WW: The momentum of the Arab Spring influenced your recent show at Gladstone Gallery, “The Book of Kings.” Can you expand on how it came to you?
SN: I think it started in 2009, when the Green Movement happened in Iran, and we had a really massive uprising by a lot of young people against the regime. I never made work that directly comments on issues such as that. But in the back of my mind, I knew that this event was really monumental. Then quickly after the Arab Spring happened all over the Middle East, I decided to make a body of work that depicted not only this tragedy, but this euphoric event of the masses taking control and revolting against dictatorships, against foreign interventions. What really struck me more than anything, symbolically speaking, was this confrontation between love of country, patriotism, and passion that individuals had for a change versus violence, killing, murder, and atrocities.
WW: Words have always been a vehicle as you intertwine them with your artwork. One of the photos in “The Book of Kings” portrayed a man’s fist over a storm of beautiful calligraphy on his chest. What do the words say?
SN: “Alas,” like a cry — “Alas, my house is on fire!” I used very minimal body language in order to convey characters that I was trying to depict. For example, this gesture that you saw in many of them is a gesture of love and patriotism; it’s universally known with the national anthem and across the world. The writings are either letters from prison by young people or poetry by Iranian women and men. And then the illustrations came directly from the Book of Kings. It was really about blending ideas aesthetically and visually, but also conceptually, the past and the present.
WW: In terms of calligraphy, this is the first time I am seeing different elements such as pictures engraved on the bodies. Why did you decide to use this type of symbolism?
SN: I thought it would be interesting to bring in elements of drawing and illustration. At the end, what is calligraphy? Calligraphy is a sacred form of art from the Islamic tradition, and it’s very beautiful. In both Persian and Islamic tradition of Iran, we have a great sense of design and iconography — motifs that are very aesthetically pleasing, but full of meaning. For me, it’s very similar to the calligraphy as it brings an added level of content, yet beautiful. So I took these directly out of the Book of Kings, and then we painted and printed the illustration on the bodies.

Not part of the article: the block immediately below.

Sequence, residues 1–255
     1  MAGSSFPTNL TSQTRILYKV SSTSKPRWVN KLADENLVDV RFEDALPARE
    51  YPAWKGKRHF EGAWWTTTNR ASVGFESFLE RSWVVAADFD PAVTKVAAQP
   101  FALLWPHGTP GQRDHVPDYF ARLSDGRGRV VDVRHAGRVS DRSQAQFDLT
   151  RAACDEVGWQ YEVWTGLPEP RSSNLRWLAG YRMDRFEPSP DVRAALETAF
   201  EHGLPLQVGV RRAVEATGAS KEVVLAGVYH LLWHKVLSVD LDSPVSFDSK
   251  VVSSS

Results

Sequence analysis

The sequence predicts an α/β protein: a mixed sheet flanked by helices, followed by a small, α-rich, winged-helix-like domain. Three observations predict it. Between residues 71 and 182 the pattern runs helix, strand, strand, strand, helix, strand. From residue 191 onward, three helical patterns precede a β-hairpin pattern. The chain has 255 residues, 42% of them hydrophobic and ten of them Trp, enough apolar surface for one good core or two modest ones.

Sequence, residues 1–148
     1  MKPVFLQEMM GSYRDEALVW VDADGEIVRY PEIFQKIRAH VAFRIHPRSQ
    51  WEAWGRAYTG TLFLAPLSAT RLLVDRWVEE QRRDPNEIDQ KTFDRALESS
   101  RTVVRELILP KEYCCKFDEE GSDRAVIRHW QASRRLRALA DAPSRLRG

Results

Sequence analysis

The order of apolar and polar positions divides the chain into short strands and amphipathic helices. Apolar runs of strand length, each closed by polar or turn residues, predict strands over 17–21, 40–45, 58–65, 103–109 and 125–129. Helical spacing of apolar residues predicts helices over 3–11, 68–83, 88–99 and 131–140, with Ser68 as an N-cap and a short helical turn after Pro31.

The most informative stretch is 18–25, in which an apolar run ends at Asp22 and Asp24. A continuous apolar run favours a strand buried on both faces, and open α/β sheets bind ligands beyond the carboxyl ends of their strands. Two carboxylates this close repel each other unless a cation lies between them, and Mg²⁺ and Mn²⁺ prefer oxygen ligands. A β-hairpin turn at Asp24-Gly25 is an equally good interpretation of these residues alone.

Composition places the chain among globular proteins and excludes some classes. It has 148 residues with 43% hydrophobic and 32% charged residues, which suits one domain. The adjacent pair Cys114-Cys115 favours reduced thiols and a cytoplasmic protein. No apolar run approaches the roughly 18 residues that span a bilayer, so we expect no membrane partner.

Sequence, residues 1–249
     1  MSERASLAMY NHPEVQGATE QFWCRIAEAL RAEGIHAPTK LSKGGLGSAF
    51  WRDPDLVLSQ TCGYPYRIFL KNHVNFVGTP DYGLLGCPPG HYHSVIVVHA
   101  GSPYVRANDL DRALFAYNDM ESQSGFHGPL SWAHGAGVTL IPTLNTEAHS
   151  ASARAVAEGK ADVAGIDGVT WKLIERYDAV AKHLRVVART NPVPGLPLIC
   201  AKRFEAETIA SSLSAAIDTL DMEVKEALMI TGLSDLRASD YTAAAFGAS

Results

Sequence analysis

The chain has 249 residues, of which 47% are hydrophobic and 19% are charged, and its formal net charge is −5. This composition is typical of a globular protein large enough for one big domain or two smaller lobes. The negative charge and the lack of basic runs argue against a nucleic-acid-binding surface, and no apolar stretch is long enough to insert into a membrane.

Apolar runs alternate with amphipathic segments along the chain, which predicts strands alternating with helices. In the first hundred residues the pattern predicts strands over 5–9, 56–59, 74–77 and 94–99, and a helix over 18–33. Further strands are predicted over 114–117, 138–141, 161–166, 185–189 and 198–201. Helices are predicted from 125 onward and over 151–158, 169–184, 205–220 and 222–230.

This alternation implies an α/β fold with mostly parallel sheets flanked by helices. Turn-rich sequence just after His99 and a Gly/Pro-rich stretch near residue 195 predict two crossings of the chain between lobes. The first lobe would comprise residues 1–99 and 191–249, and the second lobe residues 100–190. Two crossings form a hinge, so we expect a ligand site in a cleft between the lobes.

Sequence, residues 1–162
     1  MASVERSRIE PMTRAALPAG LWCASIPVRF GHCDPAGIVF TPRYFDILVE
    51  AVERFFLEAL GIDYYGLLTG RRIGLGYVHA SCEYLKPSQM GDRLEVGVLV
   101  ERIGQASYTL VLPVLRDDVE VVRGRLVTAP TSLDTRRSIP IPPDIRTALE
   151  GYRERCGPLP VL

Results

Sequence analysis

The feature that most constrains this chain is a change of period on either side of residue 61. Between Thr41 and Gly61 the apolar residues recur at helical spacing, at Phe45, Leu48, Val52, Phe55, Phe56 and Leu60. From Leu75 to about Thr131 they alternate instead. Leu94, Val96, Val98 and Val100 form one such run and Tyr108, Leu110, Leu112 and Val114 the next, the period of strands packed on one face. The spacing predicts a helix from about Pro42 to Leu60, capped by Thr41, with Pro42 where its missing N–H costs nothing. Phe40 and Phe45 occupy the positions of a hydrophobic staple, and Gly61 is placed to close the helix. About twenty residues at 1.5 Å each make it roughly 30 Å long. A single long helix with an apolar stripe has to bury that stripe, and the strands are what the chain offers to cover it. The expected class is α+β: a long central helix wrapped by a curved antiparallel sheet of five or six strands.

WW: You have been working in film and in 2009 won the prestigious Silver Lion for Best Director at the Venice Film Festival for your directional debut, Women Without Men, based on Shahrnush Parsipur’s magical realist novel. What was the biggest challenge in going from photography and video to feature film?
SN: Scriptwriting was something that I had underestimated. Normally in the film business, you have a director and then you have a scriptwriter. But in the independent film world, the director also is writing the script. I’d never written before. Of course I had partners in writing, and collaborators, but I think my biggest challenge was the actual writing of the script.
WW: You have had some interesting collaborations in the past, including with Roselee Goldberg and composer Philip Glass. In 1998, as you were producing Turbulent, you met the artist Shoja Azari, who has become your number-one collaborator and partner. How has it been to share in that creative process?
SN: Shoja has been involved with the development of my work ever since I started with video. Every video we have made, he has been involved in the discussion one way or another. We have very different positions and views, we disagree, and we fight about ideas. We are each other’s toughest critics, but also the biggest allies, in terms of being absolutely truthful. He trusts me with critiquing his work, and he helps me with my work. But now, I have to say, in Women Without Men, Shoya was an equal collaborator and will be co-director on the next film.
WW: Who have been your influences?
SN: With the photographs I always felt like I pioneered my own style. And of course, I’m educated in the West, so I know about art history. One single artist, or two, or a movement has never blown me away, but this is not the case with cinema. There have been really important filmmakers that just blew my mind and opened my eyes, including Andrei Tarkovsky, [Ingmar] Bergman, [Krzysztof] Kieślowski — a lot of Eastern European, Scandinavian, Russian directors. The ones that move me the most are poetic, philosophical, humanistic, and profound. I could say I’ve seen movies that have changed me deeply forever.
WW: Do you think you will stay within cinema?
SN: The power of cinema is the idea of storytelling and how people love to be told stories. And how stories really allow people to forget their own reality and enter another reality. But when you look at an object of art, it may be that it’s so powerful that you cannot stop thinking about it. But rarely do you give it more than that — you know what I mean? I think the experience of watching a movie where you’re fully absorbed for those two hours, as opposed to seeing a photograph passing in two seconds — the attention span somehow seems very different to me.